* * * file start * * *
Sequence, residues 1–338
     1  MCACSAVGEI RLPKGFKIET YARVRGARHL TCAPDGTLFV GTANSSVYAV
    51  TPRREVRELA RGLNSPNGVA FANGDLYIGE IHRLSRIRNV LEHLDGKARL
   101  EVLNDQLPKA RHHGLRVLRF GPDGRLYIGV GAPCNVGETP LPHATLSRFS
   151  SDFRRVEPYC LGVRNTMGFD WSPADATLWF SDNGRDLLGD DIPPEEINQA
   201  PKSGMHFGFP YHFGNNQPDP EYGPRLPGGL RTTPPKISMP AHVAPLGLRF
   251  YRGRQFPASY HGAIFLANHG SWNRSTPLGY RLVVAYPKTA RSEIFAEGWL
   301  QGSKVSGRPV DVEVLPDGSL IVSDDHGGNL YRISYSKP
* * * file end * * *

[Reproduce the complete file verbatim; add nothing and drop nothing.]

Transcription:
Sequence, residues 1–338
     1  MCACSAVGEI RLPKGFKIET YARVRGARHL TCAPDGTLFV GTANSSVYAV
    51  TPRREVRELA RGLNSPNGVA FANGDLYIGE IHRLSRIRNV LEHLDGKARL
   101  EVLNDQLPKA RHHGLRVLRF GPDGRLYIGV GAPCNVGETP LPHATLSRFS
   151  SDFRRVEPYC LGVRNTMGFD WSPADATLWF SDNGRDLLGD DIPPEEINQA
   201  PKSGMHFGFP YHFGNNQPDP EYGPRLPGGL RTTPPKISMP AHVAPLGLRF
   251  YRGRQFPASY HGAIFLANHG SWNRSTPLGY RLVVAYPKTA RSEIFAEGWL
   301  QGSKVSGRPV DVEVLPDGSL IVSDDHGGNL YRISYSKP